And it seems likely - it makes sense of things, as I perceive them - that it was for this experience of death that God needed to become Man in Christ (and, of course, there was much more to it than that).


So the main thing about this world is not that things are shadows of the next; but that this is the place (THE place) where things are mortal. Death is, indeed, the primary fact or context of human existence; the one fact we all share, and the one experience which all must learn-from: a perspective which, when taken on board, changes everything.



Crosbie said...

Just like music must be broken down into pieces before it can be understood as a whole, so with heaven. We must experience partial, incomplete copies before we can experience the whole. That is the function of time.

Christian in Hollyweird said...

Or death was not the original design, an experience not planned for us. Sin gave birth to death. The world is marred, and our mortal raiment decays, but Christ makes all things new. The Kingdom of Heaven is at hand, interlocked and overlapping with this present age until God is all in all.

Bruce Charlton said...

@Crosbie - But why were things made like that? Why were WE made like that? Why weren't we made so that we could experience Heaven without this preparation - and what about the people who die before they can experience even incomplete partial copies?

- This answer does not seem to work.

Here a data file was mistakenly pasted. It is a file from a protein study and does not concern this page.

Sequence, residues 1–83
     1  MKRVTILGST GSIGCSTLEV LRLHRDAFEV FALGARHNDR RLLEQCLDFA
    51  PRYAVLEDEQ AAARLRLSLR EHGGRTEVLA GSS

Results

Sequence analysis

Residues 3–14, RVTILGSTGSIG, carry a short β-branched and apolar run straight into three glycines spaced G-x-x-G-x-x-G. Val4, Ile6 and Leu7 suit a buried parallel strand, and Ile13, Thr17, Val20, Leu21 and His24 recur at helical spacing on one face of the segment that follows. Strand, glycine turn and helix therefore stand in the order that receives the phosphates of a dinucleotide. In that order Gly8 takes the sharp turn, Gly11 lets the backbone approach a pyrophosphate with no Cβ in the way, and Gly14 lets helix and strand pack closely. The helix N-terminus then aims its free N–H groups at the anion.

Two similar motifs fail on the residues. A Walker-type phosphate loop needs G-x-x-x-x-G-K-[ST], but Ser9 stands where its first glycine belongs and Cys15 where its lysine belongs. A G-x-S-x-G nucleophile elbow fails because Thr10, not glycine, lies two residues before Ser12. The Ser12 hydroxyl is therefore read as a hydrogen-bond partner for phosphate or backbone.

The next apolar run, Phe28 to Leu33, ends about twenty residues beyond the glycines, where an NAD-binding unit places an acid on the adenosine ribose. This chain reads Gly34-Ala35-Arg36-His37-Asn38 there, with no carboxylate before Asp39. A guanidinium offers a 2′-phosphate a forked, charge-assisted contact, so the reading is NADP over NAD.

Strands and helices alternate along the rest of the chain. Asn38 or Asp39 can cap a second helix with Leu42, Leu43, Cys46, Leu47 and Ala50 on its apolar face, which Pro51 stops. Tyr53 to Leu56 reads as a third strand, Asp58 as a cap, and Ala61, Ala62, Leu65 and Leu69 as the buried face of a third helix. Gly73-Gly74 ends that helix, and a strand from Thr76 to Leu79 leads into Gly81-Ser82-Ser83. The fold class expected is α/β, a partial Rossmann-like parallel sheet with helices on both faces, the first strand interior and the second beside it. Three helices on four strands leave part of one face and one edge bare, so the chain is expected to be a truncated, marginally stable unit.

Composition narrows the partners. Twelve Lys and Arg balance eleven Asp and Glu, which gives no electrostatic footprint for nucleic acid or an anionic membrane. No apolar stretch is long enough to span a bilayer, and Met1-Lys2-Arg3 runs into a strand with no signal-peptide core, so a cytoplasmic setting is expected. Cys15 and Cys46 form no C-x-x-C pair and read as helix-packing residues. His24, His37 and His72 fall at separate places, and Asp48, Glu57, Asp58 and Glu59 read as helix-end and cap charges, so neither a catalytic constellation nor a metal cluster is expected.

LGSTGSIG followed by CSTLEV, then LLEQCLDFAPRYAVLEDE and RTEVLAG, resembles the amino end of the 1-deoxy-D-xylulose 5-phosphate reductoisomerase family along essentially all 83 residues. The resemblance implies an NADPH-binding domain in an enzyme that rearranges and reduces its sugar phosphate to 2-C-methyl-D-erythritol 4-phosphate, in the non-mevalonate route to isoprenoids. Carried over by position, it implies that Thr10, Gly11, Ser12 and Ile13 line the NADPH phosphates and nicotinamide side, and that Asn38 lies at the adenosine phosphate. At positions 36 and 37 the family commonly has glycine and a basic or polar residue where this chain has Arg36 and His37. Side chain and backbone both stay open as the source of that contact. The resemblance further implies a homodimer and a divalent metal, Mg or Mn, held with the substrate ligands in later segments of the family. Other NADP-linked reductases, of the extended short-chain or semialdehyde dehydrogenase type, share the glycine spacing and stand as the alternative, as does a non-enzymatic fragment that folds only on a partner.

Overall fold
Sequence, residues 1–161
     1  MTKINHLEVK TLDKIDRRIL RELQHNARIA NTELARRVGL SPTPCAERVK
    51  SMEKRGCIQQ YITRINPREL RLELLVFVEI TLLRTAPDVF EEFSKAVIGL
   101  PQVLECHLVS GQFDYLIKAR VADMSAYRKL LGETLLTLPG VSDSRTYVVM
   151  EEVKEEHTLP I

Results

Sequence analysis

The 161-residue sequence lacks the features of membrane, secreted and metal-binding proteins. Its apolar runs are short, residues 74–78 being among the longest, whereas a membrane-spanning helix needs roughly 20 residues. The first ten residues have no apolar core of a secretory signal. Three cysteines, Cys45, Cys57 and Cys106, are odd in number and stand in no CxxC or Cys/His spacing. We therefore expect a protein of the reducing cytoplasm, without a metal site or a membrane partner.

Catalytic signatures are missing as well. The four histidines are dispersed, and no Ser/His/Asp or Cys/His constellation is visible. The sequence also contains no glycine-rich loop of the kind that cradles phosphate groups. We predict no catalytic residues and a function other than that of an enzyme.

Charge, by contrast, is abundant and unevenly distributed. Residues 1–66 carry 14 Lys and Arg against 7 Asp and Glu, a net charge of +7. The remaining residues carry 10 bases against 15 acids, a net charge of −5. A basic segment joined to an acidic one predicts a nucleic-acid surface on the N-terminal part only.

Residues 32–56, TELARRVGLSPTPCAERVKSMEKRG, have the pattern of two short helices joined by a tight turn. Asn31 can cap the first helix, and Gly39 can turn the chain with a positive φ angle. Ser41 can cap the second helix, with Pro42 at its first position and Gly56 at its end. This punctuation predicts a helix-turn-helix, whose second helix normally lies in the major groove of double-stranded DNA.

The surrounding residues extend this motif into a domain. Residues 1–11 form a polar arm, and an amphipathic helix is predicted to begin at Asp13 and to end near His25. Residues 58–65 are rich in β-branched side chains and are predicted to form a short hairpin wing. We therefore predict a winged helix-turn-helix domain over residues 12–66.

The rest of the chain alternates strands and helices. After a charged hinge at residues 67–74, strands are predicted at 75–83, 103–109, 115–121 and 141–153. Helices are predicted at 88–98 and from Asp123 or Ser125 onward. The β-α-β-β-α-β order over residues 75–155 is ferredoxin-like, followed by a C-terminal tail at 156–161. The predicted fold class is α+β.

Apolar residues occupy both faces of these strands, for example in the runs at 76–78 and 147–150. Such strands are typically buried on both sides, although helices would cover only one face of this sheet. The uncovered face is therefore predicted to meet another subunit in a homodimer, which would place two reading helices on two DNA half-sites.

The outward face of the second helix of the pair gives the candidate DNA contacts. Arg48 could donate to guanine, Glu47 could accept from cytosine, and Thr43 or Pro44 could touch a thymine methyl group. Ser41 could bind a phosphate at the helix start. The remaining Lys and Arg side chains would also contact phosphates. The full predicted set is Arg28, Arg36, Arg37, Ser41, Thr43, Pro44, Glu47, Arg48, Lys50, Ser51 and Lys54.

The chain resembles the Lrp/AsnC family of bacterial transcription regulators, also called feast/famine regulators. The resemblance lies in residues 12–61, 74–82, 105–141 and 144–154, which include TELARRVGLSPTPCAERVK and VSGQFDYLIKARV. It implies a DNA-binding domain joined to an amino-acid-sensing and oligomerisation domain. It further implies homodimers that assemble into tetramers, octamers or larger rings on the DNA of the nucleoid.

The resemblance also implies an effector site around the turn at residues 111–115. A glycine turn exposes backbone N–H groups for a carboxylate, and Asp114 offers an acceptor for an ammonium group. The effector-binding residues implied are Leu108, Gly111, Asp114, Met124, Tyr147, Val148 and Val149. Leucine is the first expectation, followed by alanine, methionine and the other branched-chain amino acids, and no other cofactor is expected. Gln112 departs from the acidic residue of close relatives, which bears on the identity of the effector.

CiH - Agreed - but that is an answer to a different question - or so it seems to me.

Arakawa said...

Any discussion of the purpose of human life probably has to consider (if only to deny it) the doctrine that there also exist angels created directly into Heaven before the present physical Creation.

But it seems to me that it is one thing for a being to be created directly with a set of traits, and another thing for a being to acquire these traits through a prior history of existence in the physical world -- which must have something to do with why the persevering saints are said to have a higher attainment in the Heavenly hierarchy than the angels.

Adam Noel said...

That is an interesting idea... that the only experience one cannot experience as an immortal is what it is like to be mortal. Perhaps experiencing morality is a necessary experience for understanding what comes beyond (As you seem to say).